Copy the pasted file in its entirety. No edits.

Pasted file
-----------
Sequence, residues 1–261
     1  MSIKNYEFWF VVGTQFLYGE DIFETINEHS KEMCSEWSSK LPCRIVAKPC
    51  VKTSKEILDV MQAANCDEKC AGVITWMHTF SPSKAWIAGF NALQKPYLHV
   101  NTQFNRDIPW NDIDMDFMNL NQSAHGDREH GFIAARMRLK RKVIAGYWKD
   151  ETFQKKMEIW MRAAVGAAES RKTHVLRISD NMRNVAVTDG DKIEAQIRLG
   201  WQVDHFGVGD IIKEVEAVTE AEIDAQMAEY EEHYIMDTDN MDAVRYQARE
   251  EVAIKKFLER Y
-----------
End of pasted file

Sequence, residues 1–261
     1  MSIKNYEFWF VVGTQFLYGE DIFETINEHS KEMCSEWSSK LPCRIVAKPC
    51  VKTSKEILDV MQAANCDEKC AGVITWMHTF SPSKAWIAGF NALQKPYLHV
   101  NTQFNRDIPW NDIDMDFMNL NQSAHGDREH GFIAARMRLK RKVIAGYWKD
   151  ETFQKKMEIW MRAAVGAAES RKTHVLRISD NMRNVAVTDG DKIEAQIRLG
   201  WQVDHFGVGD IIKEVEAVTE AEIDAQMAEY EEHYIMDTDN MDAVRYQARE
   251  EVAIKKFLER Y